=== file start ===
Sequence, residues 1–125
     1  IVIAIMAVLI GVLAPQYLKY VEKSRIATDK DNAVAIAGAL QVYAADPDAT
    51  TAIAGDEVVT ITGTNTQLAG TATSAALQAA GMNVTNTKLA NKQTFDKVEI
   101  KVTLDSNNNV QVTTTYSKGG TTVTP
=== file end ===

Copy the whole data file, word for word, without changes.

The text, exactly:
Sequence, residues 1–125
     1  IVIAIMAVLI GVLAPQYLKY VEKSRIATDK DNAVAIAGAL QVYAADPDAT
    51  TAIAGDEVVT ITGTNTQLAG TATSAALQAA GMNVTNTKLA NKQTFDKVEI
   101  KVTLDSNNNV QVTTTYSKGG TTVTP